LatAm giants looks to resurrect trade deal from TPP's ashes
After the US withdrew from the Trans-Pacific Partnership and opened up the Nafta agreement, four Pacific Alliance countries are to hold talks to admit four advanced economies in a move that will be seen as a sign that free trade is still on the agenda
Four Latin American countries will launch trade talks later this month in a move that could shake up the Asia-Pacific region and send a strong signal against the increasingly protectionist attitude from the United States.
The Pacific Alliance, which includes Chile, Colombia, Mexico and Peru, will sit down on October 23 in Cali, Colombia with Australia, Canada, New Zealand and Singapore for negotiations to let them in as associate members.
“Given the international context, the Pacific Alliance is one of the most import-ant integration initiatives in the Asia-Pacific,” Peruvian trade minister Eduardo Ferreyros told GlobalMarkets.
He said members had decided two things even before talks begun: first, the process had to be ambitious, focusing on goods, services and investment; and second, it needed to be quick while still remaining rigorous.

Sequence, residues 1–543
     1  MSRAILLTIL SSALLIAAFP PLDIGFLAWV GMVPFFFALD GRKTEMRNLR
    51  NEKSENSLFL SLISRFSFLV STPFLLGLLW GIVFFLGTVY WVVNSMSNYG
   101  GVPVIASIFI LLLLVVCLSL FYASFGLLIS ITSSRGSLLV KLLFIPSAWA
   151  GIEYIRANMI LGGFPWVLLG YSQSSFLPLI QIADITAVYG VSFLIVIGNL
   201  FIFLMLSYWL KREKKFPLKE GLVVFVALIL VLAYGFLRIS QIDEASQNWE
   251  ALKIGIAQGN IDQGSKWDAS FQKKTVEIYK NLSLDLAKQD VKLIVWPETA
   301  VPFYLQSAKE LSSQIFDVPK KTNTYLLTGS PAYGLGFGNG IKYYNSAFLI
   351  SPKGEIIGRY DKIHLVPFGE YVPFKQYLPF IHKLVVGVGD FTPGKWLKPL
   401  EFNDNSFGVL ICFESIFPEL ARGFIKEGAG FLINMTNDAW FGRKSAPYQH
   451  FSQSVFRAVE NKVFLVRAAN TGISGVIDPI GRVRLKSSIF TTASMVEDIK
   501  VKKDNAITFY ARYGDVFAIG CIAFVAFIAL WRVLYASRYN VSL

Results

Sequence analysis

Ferreyros said the parties did not want to “replicate the experience of other processes that have not seen the light of day”. The participating countries know something about this. With the exception of Colombia, all of them were part of the long negotiations for the Trans-Pacific Partnership (TPP), a 12-nation effort that began in 2008 and was signed in February 2016. It has been in limbo since January, when President Donald Trump withdrew the United States.
The remaining countries, known as the TPP11, have met three times since July and leaders are scheduled to meet in Vietnam next month on the sidelines of the Asia-Pacific Economic Cooperation (Apec) summit.
Australia, New Zealand and Singapore are also part of the 16-country Chinese-led Regional Economic Cooperation Partnership (RCEP) that has sputtered after 19 rounds of talks.
Policymakers in Asia and Latin America are watching the Pacific Alliance to see what it can get done while other projects are stalled and one, the North American Free Trade Agreement (Nafta) that joins Canada, Mexico and the United States, may come undone after nearly 25 years.
“Trade and protectionism have grown more complex,” said Alan Bollard, Apec executive director. “We have Nafta renegotiation, TPP11 renegotiation, and RCEP seems to be the backburner, but the Pacific Alliance is pushing ahead with potentially four new members. I think it has quite a head of steam and there is a lot of interest, particularly if we were to see other negotiations slowing down.”
Luis Alberto Moreno, president of the Inter-American Development Bank, urged regulators to include Brazil and Argentina.